Rescue Dog Finally Relaxes When She Gets A Toy Of Her Very Own
“[She] carried the dinosaur all the way around the store and to the register.”
Nicole Marie Wasieleski had no intention of adopting another dog from the Animal Rescue League of Iowa, the shelter where she volunteers. But when she spotted an older pup all alone in her kennel earlier this month, Wasieleski couldn’t get the dog’s face out of her mind.
“When I saw her in the shelter, I thought she looked like a sweet old wolf and wanted to meet her,” Wasieleski told The Dodo. “She was so quiet and gentle.”
At 10 years old, Kairi had been through quite a lot in her later years. She lost her first family suddenly and, despite finding a new home with Wasieleski, Kairi was having trouble adjusting to all the change. Wasieleski wanted to treat the dog to something of her very own — something that could help her feel safe and secure.
So she took Kairi on a special trip to a pet store, where the older dog could choose a toy of her very own. And Kairi knew exactly what she wanted.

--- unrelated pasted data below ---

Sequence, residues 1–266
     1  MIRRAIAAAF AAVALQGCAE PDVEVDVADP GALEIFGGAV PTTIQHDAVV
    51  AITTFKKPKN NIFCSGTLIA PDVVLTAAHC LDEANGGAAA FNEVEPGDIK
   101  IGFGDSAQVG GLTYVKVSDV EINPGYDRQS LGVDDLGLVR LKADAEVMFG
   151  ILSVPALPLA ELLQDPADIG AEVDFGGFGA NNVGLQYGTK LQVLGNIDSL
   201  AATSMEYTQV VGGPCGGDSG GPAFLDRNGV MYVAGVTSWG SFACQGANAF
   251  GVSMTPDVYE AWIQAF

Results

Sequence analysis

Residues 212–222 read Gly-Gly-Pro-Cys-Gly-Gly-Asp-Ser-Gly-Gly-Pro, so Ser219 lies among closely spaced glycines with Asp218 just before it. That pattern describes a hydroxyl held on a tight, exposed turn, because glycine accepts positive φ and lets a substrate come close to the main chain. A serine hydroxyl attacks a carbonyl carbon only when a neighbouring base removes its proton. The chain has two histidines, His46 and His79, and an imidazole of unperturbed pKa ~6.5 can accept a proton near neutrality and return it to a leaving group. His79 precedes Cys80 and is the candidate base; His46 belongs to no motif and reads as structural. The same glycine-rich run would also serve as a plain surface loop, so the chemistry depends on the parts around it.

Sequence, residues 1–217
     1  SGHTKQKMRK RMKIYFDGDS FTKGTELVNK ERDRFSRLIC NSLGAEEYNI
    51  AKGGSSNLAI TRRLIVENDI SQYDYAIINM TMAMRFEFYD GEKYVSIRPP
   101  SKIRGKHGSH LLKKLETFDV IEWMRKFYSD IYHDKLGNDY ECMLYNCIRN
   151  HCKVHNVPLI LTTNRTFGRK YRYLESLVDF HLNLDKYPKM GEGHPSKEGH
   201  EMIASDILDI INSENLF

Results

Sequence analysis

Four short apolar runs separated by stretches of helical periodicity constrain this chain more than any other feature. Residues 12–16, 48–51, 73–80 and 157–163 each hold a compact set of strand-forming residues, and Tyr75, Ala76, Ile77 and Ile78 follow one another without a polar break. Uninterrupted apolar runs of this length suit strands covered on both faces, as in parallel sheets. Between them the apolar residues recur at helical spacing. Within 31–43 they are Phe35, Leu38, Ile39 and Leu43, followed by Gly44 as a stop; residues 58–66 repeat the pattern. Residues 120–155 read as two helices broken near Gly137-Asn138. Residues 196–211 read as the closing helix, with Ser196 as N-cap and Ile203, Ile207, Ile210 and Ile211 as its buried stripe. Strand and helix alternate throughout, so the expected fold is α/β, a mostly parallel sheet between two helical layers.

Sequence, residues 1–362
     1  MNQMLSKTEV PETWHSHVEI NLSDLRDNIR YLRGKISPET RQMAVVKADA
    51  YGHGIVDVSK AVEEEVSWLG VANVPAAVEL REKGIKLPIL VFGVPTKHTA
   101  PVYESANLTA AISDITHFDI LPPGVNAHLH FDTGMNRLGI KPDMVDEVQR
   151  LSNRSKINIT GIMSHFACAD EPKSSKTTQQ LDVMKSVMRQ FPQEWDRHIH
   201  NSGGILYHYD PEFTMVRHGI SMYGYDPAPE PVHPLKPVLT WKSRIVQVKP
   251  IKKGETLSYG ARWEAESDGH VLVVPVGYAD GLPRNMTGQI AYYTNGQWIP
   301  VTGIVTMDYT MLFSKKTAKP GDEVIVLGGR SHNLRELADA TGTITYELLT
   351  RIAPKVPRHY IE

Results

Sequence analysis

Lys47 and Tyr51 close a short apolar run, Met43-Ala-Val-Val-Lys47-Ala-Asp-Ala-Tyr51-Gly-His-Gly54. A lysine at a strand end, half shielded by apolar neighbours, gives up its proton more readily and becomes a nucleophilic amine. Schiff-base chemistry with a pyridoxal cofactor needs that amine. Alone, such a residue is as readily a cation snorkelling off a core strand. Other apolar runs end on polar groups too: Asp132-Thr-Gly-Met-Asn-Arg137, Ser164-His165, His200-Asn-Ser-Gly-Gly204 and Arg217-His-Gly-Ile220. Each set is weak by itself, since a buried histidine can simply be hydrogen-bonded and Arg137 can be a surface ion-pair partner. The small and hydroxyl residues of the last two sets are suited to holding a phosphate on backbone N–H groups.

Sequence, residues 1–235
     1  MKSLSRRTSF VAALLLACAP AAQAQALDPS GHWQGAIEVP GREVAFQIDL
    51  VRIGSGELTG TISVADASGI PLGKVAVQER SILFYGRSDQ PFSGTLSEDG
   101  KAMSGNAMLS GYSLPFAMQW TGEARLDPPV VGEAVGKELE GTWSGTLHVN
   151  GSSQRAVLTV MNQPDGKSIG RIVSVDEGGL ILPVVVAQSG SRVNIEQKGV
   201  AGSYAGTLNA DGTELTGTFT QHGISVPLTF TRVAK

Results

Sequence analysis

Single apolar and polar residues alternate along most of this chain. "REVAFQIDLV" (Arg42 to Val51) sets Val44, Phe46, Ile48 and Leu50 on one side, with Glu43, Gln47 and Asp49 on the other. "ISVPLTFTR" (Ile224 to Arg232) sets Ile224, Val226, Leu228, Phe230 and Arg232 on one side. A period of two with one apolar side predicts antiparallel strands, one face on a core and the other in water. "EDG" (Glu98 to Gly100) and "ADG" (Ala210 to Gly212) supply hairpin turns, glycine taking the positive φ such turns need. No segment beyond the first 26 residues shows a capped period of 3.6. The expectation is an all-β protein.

“She picked out this funny pink dinosaur and we were laughing about it and kept trying to hand her more normal toys,” Wasieleski said. “She ignored them and carried the dinosaur all the way around the store and to the register.”
“Dino” may only be $17 worth of pink and blue stuffed fabric, but Kairi won’t let it out of her sight.
“Ever since then, she’s been carrying it around, playing with it and snuggling it,” Wasieleski said. “She will let my other dogs play tug-of-war with it, but they know they can’t shred it like they shred all other toys.”
Kairi suffers from separation anxiety, letting her new mom and dad know that she is not pleased with them leaving by chewing up carpets. To help her feel more secure, Kairi is beginning crate training — and that's where Dino has really started to prove to be so much more than a toy.
“We were so worried because she would bark and scratch the kennel and we didn’t want her to get hurt," Wasieleski said. "When Dino is in with her she is silent!”
Kairi is slowly adjusting to her new home and will often place one of her big gray paws on her mom's arm, showing her just how grateful she is for the second chance.
"We actually can’t believe how much energy she has left for her age," Wasieleski said. "She will wrestle with my other 2-year-old dogs and then want to rest and snuggle with her people or her dinosaur."
Though Kairi is getting more independent, her family still has a backup plan should Dino go missing.
“My dad already went back to the store to get her another dinosaur,” Wasieleski said. “In case anything happens to this one.”